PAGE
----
My SSB AGM lasted 13 months under the bonnet. I got 3 years out of 2 identical ones in the cars rear tub before I removed and went lithium. (still had lot of life left when I sold them cheap as second hand batteries. ...heat is no good for longevity!!!.
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Reply By: Member - Cuppa - Sunday, May 02, 2021 at 08:55

Sunday, May 02, 2021 at 08:55
I understand that you want to save money, but whilst going cheap on initial costs means less money spent now, it won’t save you money in the long run.

With any battery charged only via a VSR & under the bonnet expect a max battery life of up to 5 years. (But quite possibly less).

Taking the battery out of the heat & having it in the car may increase it’s life a bit, but if inside the car with you - ensure it is AGM, not a wet battery.

If using a VSR & under bonnet battery, I see no advantage in spending any more than you have to on a battery. A cheapie will get you a battery life much the same as a more expensive one.

A good AGM inside the car, looked after(ie. not regularly discharged below 50% & charged back to ‘float’ every 24 hours) with a smart charger should have a lifespan of 10 years+.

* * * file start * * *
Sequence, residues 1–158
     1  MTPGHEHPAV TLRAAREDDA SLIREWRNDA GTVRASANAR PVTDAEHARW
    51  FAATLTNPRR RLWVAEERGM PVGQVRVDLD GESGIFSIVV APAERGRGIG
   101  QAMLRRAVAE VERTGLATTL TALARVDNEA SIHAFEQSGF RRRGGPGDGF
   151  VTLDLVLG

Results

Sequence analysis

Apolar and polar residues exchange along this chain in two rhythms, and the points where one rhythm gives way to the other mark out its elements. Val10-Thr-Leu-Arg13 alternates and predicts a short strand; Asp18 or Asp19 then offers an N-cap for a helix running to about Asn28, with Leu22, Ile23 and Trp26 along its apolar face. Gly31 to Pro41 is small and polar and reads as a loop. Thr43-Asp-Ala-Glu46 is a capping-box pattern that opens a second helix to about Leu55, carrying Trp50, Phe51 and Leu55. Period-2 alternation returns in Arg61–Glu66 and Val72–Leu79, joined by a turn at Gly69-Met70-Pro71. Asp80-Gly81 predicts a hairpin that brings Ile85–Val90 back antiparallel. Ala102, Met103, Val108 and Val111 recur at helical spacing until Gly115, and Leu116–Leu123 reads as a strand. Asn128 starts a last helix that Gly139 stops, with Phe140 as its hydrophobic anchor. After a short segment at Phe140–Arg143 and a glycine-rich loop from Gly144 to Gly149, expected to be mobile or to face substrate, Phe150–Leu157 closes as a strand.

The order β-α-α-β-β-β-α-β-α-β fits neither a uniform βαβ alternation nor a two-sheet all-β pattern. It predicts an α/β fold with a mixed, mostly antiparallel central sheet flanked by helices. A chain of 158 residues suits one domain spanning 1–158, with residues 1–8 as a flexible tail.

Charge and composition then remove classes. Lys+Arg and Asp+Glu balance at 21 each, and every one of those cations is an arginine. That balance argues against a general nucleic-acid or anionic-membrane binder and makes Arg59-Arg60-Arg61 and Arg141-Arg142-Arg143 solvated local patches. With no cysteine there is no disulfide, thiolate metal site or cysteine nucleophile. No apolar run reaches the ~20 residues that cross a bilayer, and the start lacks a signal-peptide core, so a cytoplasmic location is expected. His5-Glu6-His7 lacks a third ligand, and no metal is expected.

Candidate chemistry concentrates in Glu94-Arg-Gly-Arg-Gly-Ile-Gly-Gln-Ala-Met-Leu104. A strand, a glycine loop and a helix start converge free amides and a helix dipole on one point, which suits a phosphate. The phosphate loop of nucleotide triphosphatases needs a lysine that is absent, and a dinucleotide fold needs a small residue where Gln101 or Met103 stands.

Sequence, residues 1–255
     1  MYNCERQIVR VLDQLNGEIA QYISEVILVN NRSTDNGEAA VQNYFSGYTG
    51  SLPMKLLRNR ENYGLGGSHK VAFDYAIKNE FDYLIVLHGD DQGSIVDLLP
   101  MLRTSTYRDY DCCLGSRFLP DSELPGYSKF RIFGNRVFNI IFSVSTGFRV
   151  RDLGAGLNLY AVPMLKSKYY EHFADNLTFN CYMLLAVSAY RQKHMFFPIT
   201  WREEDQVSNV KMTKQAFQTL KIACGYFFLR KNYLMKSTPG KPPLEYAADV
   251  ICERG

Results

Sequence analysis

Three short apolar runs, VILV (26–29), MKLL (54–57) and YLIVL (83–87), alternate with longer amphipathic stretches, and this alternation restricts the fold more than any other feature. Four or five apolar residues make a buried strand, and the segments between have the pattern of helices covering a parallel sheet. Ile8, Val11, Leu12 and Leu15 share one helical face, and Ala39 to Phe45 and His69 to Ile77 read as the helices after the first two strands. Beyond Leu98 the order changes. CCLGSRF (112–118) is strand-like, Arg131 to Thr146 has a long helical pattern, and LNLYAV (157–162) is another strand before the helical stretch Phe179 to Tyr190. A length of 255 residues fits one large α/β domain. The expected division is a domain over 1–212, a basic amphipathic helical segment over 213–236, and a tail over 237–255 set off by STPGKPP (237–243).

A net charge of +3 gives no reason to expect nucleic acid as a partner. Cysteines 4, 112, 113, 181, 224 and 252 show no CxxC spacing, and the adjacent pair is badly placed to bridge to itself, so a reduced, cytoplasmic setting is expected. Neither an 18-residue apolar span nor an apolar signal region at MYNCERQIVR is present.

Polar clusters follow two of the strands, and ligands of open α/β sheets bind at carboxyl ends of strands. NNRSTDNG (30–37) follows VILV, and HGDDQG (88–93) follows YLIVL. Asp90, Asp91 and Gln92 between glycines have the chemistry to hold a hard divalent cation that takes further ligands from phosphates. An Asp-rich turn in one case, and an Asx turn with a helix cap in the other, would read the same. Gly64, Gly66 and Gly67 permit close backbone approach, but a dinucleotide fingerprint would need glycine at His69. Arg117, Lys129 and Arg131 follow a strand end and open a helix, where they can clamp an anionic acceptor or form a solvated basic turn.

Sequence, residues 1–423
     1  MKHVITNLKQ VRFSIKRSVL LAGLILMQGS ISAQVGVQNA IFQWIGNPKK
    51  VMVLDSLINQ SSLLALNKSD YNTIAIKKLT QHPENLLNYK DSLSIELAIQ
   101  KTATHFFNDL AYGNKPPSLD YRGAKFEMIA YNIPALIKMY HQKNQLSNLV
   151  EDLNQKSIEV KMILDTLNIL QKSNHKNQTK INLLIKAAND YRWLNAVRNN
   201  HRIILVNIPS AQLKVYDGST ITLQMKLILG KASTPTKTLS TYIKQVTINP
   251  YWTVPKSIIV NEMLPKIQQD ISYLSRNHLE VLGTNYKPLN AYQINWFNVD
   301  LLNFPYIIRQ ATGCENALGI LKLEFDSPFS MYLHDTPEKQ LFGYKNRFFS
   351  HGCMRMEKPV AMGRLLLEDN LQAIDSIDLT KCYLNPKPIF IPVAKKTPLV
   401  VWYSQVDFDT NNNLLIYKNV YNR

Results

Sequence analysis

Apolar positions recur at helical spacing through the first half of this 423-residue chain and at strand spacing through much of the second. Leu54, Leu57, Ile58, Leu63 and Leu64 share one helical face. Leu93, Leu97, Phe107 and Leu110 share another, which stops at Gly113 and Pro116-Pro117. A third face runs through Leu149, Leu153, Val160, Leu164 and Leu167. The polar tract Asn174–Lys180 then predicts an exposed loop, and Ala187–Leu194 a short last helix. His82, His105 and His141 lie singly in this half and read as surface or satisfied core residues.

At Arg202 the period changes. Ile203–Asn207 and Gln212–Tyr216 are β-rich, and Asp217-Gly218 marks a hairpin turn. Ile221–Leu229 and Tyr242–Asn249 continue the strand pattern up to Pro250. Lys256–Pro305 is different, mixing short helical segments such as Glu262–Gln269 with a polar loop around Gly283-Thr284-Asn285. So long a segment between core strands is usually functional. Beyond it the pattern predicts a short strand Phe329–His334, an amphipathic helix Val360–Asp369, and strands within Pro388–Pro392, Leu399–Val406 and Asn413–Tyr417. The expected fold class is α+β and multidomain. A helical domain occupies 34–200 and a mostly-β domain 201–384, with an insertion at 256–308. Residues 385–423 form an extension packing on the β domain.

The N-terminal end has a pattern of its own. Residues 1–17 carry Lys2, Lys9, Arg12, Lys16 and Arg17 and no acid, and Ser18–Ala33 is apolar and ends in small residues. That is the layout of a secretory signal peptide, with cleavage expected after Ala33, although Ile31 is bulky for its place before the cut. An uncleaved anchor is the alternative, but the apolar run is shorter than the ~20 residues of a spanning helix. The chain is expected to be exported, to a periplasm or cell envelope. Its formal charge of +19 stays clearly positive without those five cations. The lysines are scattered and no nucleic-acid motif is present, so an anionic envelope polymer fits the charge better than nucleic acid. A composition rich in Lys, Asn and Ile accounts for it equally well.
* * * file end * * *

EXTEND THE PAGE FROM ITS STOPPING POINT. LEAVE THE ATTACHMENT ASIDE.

Batteries are expensive.

I don’t know the ABR dc to dc product, but offer a couple of considerations. A lot of cheaper dc to dc chargers are low amp outputs. Commonly 10amps or thereabouts. They will take a far longer driving period to recharge the battery so may not be effective, I recommend a minimum of a 25amp output. Also temperature compensation is a very desirable feature which is a significant aid to long battery life.

There are two commonly available types of smart chargers - dc to dc & solar regulators. If you have solar then the use of a VSR to charge whilst driving, & solar to top up the battery to 100% (which the alternator never will in day to day driving of a battery supplying regular loads) is a valid & workable solution for less initial cost than a dc to dc charger, providing you either stop driving early enough each day to set up portable solar to give it enough time to do the job, or if you have roof mounted solar which works all the time in conjunction with a VSR.

At the end of the day, a VSR alone will work, but will give you less available overnight battery capacity (from the same size battery which has been ‘smart charged’ but it may still be ‘enough’ to meet your needs). A valid path to take, but just buy a cheap battery - even just another starter battery - & expect to replace it far sooner.